In many cases, using a VPS is more affordable than a dedicated hosting solution. This is because a VPS solution uses resource sharing, allowing VPS providers to offer more affordable hosting plans compared to dedicated hosting providers. This makes VPS solutions more attractive to new and smaller businesses that may not have large enough budgets for dedicated hosting solutions.

Virtual private servers come with advanced security protections. Within the VPS, each client's resources are protected against other users on the same server. Users also have protection against outside intrusions, as a VPS solution allows businesses to quickly install firewalls or other security tools to protect their data.


How do virtual private servers work?
A virtual private server is a form of cloud hosting that contains multiple users. VPSs use one physical server, known as a parent server, to provide several virtual servers to different clients. They then provide server resources, like memory and bandwidth, over the internet to users. This parent server features a virtual layer on top of its operating system (OS).

The virtualization process creates digital walls to separate the different virtual servers. Since the virtual servers have a separation between them, clients sharing one parent server can run their own operating systems and software on their section of the VPS. This wall also protects users on the same server from one another so that each user’s data and resources are secure.

Virtual private server vs. other types of hosting
Apart from VPS, there are two main types of computer hosting systems:

Dedicated hosting
Dedicated hosting means that a client or organization has an entire server to themselves. Unlike VPS, users of a dedicated hosting system don't need to divide up a server's resources. Instead, the users of dedicated hosting can gain access to all of that server's memory, bandwidth and processing capabilities. A dedicated hosting system is also fully customizable, so users can install or adjust its software to fit their needs. With dedicated hosting, clients can fully control the resources on the server. Dedicated hosting is typically the most expensive type of hosting system.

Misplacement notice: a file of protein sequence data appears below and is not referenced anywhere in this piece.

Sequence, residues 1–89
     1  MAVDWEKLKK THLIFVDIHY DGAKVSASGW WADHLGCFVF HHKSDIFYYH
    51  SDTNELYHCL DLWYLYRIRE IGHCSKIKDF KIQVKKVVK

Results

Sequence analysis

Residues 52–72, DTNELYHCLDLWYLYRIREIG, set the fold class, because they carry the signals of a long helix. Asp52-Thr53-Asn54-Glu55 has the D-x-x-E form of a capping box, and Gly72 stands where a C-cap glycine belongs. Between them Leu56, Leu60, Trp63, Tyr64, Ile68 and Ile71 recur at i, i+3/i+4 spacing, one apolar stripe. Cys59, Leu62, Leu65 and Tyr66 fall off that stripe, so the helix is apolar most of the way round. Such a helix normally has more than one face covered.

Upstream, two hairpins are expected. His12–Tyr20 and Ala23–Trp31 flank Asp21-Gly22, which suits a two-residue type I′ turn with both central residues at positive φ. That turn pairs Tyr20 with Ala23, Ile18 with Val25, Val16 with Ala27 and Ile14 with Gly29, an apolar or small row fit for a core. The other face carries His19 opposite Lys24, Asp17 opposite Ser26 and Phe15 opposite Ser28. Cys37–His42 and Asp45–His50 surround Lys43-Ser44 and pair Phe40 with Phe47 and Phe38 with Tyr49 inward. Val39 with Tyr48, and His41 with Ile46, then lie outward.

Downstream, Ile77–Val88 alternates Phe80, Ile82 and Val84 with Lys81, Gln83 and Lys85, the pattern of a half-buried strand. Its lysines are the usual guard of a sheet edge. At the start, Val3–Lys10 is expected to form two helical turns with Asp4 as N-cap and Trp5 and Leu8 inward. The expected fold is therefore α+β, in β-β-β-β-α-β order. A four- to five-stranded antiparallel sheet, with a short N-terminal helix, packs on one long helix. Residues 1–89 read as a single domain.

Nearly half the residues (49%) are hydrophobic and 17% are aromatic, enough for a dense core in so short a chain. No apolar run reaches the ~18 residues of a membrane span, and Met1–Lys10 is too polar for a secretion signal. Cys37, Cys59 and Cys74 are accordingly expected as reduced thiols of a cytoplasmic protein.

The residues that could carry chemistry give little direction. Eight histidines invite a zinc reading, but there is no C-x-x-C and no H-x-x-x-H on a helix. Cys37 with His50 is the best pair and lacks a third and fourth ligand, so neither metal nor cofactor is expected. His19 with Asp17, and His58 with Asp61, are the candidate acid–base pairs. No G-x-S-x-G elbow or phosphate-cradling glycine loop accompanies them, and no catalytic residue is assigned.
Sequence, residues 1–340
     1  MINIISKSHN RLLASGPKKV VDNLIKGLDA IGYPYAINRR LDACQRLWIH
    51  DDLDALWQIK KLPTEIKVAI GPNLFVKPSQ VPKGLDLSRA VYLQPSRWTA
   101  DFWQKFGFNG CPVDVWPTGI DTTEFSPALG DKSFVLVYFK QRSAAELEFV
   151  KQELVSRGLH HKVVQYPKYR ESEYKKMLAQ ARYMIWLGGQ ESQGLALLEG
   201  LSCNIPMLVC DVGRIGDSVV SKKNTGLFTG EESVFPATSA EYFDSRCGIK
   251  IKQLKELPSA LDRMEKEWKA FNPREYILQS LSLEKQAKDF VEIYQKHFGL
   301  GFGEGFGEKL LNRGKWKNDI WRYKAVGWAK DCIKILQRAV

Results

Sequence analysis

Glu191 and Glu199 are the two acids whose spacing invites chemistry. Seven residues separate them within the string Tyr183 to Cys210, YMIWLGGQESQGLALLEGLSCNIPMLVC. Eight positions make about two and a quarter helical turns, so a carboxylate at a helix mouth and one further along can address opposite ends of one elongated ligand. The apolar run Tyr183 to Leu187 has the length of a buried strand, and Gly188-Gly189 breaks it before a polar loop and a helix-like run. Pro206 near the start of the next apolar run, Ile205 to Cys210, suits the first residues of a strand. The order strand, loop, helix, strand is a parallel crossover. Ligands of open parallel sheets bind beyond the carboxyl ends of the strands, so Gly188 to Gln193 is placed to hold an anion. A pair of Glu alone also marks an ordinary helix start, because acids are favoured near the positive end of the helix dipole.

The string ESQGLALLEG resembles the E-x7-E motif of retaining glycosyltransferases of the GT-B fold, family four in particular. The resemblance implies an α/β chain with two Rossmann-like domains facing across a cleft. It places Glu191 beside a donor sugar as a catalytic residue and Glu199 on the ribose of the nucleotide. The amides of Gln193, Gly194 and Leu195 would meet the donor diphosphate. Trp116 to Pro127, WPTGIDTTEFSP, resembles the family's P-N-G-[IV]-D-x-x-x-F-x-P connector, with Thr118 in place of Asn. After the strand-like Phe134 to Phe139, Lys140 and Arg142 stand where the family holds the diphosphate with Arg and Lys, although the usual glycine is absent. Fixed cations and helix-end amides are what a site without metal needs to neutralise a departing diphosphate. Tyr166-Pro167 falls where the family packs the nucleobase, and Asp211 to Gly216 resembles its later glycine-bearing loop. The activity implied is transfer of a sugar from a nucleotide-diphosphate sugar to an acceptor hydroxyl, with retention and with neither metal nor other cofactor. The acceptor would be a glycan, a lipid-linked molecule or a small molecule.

Shared hosting
Shared hosting refers to a system where multiple users share a server's resources. These resources include the server's storage, processing equipment and memory. Like VPS, shared hosting involves more than one client making use of the same server. However, with VPS, users have their own set amount of storage, bandwidth and other resources separate from the server resources for other clients.

For example, if one client using a shared hosting service experiences a sudden increase in website traffic, that traffic increase could slow down or cause errors on websites hosted on the same server by other clients. This is not the case with a VPS, where the other users on the server would remain unaffected.


Virtual private server considerations